Many of you know that although I make my living as a graphic designer, my degree is in English. When the money wasn’t forthcoming for a good art school (see my profile for the details on that) and I had to pick a different major, I chose English because I have always been in love with language. As far back as I can remember, I have sort of “collected” words. While other kids found enjoyment in their stamp, coin, and beer bottle collections, I got all excited over a new three-dollar word or a clever turn of a phrase. A 10-cent Washington Z-Grill couldn’t hold a candle to learning a word like “exsanguinate" or “infinitesimal” or “hubris”.
As result, I tend to remember exactly when and how I came to learn certain words. I thought it might be entertaining to share a couple of these with you.
I learned this delightful word from a newspaper clipping when I was in the fourth or fifth grade. The story was about a prison inmate who had, in protest over something I cannot recall but which was probably really stupid, smeared his own feces all over himself. There was a grainy photo accompanying the story and I remember the guy sitting there with a big ol’ – pardon the expression – shit-eating grin on his face. The caption read something along the lines of: In protest over blah-blah, King County Prison inmate so-and-so covered himself in his own feces. I think I was as excited about learning the word “feces” as I was about having a newspaper photo of a guy with excrement all over him.
The story behind this one reveals that while I was obviously not averse to learning, I didn’t particularly like going to school. It also shows how cartoons can actually be pretty educational.
One fine fall morning – again sometime around fourth or fifth grade – I decided I’d just head into school a little late. I figured I’d tell mom I’d lost track of time, sorry about that, won’t happen again. No problem. So, I flopped down in front of the boob-tube and turned on some Looney Tunes. In one cartoon, a short, stogy-puffing caricature of a man was talking in an Italian accent (I believe he was supposed to be a mobster) and mentioned something about trying to avoid a subpoena. Only he pronounced it “suh-pee-nee” the way I guess vaguely racist 70s depictions of Italians are prone to do from time to time.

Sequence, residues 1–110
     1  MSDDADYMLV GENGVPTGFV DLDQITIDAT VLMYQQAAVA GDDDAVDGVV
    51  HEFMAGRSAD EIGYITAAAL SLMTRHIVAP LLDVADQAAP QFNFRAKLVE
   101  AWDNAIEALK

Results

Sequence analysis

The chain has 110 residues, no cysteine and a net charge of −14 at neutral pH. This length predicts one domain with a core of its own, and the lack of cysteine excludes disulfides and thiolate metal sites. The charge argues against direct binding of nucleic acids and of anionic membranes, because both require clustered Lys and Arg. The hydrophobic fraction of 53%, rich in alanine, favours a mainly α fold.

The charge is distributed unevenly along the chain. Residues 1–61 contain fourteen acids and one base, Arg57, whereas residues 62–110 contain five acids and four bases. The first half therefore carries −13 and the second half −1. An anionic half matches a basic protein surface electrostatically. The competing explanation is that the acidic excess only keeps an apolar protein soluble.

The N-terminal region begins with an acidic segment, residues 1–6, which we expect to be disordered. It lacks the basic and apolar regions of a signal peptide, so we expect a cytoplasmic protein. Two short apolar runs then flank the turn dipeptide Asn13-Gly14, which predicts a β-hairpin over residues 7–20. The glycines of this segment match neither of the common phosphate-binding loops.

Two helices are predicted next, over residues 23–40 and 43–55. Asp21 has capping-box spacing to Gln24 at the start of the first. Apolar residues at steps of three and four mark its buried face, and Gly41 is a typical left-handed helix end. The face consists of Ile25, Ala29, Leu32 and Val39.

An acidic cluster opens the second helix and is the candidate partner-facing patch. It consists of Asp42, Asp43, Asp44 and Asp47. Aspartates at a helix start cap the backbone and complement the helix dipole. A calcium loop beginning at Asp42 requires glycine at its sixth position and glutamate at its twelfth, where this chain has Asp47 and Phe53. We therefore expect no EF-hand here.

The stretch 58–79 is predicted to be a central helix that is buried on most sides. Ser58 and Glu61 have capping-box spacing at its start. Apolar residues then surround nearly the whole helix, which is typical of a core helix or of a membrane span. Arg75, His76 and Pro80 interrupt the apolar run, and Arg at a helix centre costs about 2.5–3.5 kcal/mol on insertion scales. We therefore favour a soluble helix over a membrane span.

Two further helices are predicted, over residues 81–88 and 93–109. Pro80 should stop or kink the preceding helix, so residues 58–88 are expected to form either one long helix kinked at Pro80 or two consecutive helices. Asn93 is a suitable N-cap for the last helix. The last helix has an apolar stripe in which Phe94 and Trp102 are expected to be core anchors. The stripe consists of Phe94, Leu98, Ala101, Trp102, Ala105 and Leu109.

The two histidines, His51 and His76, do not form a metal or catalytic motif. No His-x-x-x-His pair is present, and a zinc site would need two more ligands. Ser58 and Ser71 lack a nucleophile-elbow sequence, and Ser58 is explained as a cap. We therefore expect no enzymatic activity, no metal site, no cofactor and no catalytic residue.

Of course, I had no idea what a suhpeenee was. But I was sharp enough to know that it was probably integral to the plot of the cartoon and that I’d probably have appreciated the story more if I knew what that one word meant.
I tried to look up the word to no avail. The cartoon man’s pronunciation blew that possibility, but even if he’d pronounced it correctly, I doubt I’d have found a word with such an utterly non-intuitive spelling.
So the big problem was that since I hadn’t the slightest clue what the word meant and since the story dealt with elements not in my everyday life (mobsters, machine guns, extortion, anthropomorphic animals) I wasn’t sure how to couch the question to my mother. Surely she’d want to know where I’d heard it and then what would I say? Couldn’t say I heard it at school because she’d be curious as to why I didn’t ask the teacher. Couldn’t tell her my older brother R had said it because, well, I pretty much hated him at the time and in my pre-pubescent insolence, considered him far dumber than myself. Eventually, though, my curiosity got the better of me and while I was chatting with mom as she made dinner that night, I just threw it out there.
“Mom, what does “suhpeenee” mean?
“That’s not a word, Kirk. Do you mean subpoena?”
“Well, a subpoena is a document presented to you when you are required to appear in court.”
“So, it’s like getting a ticket.”
“No, not really, because it’s not necessarily a bad thing. It often is, but not always. It’s just a legal paper that tells you to appear in court on a certain date and details the reason for the request. You could be subpoenaed just to be a witness, for example.”
And with that, she turned back to flipping pieces of chicken over in the frying pan and I strolled off, convinced that my truancy was justified because I’d probably learned more in that hour watching cartoons than I would have in the Seattle Public School District. After all, none of my teachers had ever used the word “subpoena”.